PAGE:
Identification: More mushrooms from northern New Mexico

Discussion in 'Fungi, Lichens and Slime Molds' started by allelopath, Sep 14, 2004.

  1. allelopath

    allelopath Well-Known Member 10 Years

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    Location:
    northern New Mexico, USA
    This is so much fun and my id book (Audobon Field Guide to North American Mushrooms) doesn't help much, so...2 more
    Carson National Forest, Taos, New Mexico, USA
    8000 ft asl (~2400m)
    Pine/Fir forest floor.
     

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  2. grndenim

    grndenim Member

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    Location:
    Mora, New Mexico, 87732 USA
    Greetings from Mora, NM - also at 8000 ft. I am new to these mountains and to this website. I have not yet seen your mushrooms, but my husband and I went searching last evening and found small (2 in. dia.) straw-colored mushrooms with slim stalks and yellow, sponge-like gills. Any info?

    (see entry) Carole (grndenim@nnmt.net)
     
  3. allelopath

    allelopath Well-Known Member 10 Years

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    Location:
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    Hi Carole,

    If you think you're going to be looking for fungi a lot, I recommend getting the book "Mushrooms of Colorado and the southern Rocky Mountiins" by Vera Evenson. One bookstore here in Taos has it (either Brodsky books or Moby Dickens, I can't remember). Get it quick, peak is right now.

    Identifying fungi _with_ photos is difficult enough, I won't even try to guess based on words. When you do post a photo, also mention the enviroment you found it in (substrate, altitude, species of surrounding trees...).

    Also, I recommend you edit your last post. Change your email address to "grndenim at nnmt dot net". This way it is more protected from bot collection, but it is still readable to a human.

    Not sure what you mean by (see entry)
     
  4. Mycos

    Mycos Active Member

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    Location:
    Kamloops, BC. Canada
    Sounds like a small Suillus or, as the group of fleshy mushrooms having pores instead of gills is more commonly called, a Bolete. Some of them can be very slimy. The Slippery Jack (Suillus luteus) get's it's name for precisely that quality. Here's a key to the genus.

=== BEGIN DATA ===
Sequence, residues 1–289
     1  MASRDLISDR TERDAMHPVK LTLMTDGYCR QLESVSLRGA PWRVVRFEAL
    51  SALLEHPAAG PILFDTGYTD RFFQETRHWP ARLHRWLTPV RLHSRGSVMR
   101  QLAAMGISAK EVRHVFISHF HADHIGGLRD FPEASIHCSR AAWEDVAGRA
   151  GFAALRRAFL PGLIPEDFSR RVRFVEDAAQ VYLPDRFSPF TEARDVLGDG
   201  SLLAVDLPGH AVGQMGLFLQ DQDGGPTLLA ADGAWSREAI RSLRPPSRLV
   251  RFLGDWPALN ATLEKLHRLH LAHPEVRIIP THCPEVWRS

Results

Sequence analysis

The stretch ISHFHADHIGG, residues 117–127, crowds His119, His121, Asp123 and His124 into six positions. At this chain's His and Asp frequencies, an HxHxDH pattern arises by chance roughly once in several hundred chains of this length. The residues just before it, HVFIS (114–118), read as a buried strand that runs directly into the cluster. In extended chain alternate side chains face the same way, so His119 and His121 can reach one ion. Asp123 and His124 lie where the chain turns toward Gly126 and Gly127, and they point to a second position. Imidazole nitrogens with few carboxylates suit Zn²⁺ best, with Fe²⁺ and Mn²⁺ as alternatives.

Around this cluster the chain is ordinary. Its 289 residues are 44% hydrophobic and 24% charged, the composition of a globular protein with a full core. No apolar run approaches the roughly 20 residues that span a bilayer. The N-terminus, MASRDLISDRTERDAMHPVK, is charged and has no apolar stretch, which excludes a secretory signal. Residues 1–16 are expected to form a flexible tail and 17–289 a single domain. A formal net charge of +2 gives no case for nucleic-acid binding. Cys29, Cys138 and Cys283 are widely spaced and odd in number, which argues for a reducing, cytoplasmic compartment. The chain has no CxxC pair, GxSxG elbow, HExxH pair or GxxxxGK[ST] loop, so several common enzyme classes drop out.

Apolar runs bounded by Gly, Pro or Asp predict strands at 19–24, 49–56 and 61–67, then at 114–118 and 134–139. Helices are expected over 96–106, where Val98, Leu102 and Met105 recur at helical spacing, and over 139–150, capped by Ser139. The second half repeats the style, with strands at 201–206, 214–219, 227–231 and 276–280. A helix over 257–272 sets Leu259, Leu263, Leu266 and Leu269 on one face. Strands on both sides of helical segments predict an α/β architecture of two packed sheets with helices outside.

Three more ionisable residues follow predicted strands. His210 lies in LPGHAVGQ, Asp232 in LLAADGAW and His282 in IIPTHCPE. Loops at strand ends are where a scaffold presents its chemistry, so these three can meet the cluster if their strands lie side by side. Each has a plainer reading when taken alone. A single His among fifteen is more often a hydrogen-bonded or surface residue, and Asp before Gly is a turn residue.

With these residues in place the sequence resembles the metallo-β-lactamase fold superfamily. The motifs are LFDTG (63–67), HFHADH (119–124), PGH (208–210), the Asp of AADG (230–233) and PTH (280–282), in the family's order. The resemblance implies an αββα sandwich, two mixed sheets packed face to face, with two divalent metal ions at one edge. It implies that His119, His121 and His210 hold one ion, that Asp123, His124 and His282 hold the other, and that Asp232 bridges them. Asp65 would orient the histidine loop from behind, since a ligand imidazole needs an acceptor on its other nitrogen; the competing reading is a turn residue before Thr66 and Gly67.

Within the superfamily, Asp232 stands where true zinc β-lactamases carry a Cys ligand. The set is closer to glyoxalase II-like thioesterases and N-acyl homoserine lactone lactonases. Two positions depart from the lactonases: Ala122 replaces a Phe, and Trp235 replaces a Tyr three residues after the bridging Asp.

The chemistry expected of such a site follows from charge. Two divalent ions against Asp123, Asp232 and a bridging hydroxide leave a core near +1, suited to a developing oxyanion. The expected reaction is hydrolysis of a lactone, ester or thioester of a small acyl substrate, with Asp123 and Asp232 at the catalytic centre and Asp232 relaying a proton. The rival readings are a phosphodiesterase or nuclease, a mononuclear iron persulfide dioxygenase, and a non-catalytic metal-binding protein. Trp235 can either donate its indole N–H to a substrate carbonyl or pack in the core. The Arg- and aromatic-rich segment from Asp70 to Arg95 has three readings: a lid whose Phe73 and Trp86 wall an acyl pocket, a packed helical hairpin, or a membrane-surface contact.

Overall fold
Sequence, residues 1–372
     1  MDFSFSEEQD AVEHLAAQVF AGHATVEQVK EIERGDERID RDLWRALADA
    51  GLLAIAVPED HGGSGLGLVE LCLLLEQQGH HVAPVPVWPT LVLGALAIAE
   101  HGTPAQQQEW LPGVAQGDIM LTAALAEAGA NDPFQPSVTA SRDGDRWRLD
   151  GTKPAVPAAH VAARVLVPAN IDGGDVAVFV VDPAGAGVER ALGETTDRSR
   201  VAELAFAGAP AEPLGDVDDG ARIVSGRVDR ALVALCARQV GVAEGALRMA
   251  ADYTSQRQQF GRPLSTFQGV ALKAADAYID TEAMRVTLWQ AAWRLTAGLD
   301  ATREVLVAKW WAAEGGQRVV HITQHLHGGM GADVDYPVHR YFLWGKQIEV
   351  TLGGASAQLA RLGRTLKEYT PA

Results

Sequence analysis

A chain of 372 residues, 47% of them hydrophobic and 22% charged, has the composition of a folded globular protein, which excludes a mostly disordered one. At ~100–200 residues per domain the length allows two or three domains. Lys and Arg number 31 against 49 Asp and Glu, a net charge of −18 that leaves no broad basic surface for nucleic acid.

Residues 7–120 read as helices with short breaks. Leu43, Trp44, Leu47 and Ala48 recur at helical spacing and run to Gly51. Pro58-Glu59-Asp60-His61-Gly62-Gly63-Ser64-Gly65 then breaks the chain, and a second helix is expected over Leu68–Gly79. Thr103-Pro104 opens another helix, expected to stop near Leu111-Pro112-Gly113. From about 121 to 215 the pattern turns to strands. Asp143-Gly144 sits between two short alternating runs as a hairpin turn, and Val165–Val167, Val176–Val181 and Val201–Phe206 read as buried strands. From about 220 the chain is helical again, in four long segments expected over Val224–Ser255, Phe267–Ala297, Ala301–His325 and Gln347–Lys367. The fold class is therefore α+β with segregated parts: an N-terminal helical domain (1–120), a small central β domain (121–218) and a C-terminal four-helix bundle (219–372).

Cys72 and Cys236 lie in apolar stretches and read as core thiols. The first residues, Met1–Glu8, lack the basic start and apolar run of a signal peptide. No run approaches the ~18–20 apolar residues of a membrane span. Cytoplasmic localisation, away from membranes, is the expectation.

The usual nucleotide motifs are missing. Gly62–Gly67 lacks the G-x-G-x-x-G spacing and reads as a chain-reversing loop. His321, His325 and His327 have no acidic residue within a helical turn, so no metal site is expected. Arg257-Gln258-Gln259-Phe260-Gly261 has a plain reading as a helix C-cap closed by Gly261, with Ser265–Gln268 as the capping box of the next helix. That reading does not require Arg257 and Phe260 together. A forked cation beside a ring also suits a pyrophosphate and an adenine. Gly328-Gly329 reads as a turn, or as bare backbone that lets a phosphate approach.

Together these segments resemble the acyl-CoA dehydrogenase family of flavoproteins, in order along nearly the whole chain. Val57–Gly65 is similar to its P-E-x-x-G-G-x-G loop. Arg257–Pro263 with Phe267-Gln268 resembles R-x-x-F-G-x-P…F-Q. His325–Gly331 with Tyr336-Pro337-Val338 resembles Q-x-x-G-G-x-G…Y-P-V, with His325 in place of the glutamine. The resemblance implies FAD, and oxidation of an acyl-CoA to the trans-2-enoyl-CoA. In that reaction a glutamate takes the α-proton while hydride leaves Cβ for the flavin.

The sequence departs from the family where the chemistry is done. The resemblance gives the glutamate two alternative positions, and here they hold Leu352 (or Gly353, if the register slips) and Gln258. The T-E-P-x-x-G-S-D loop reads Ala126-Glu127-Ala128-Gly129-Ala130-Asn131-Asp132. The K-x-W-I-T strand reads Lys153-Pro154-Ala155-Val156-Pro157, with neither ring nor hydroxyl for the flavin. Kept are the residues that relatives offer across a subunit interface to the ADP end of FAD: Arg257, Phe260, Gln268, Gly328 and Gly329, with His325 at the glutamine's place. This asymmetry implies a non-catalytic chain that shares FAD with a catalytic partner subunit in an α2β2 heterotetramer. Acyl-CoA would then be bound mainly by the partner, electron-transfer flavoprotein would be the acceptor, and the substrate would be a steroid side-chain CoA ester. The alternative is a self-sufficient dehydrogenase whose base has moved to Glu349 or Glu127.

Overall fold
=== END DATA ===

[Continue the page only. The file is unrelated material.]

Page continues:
5. Mycos

    Mycos Active Member

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    Location:
    Kamloops, BC. Canada
    Wish I could help, but.....

    Not to mention that I wish I were up there checking out the scenery as well. Must be fantastic. But unfortunately, I can't do either one. To feel at all comfortable making an ID of a mushroom, I like to be able to see the stalk and underside of the cap.

    The presence or not of a partial veil ( cortina in Cortinarius), or pores instead of gills (as in the Suillus post lower down) is important to an accurate identification, and unfortunately, that's where they are found. A few are so unique that it's not necessary (Amanita muscaria for instance), but otherwise....sorry ;-(.

    So why make this post, some other's might be saying?
    Well....to encourage others to try to capture the above characteristics in either a photo, words, or any combination thereof. (and why do I suddenly feel like a defence lawyer?)
    In any case, show us more! More mushrooms and more of their undy-bits! Mirrors on the toes of your shoes can be useful here, but be very sure to to remove them before returning to the university.;-)
     

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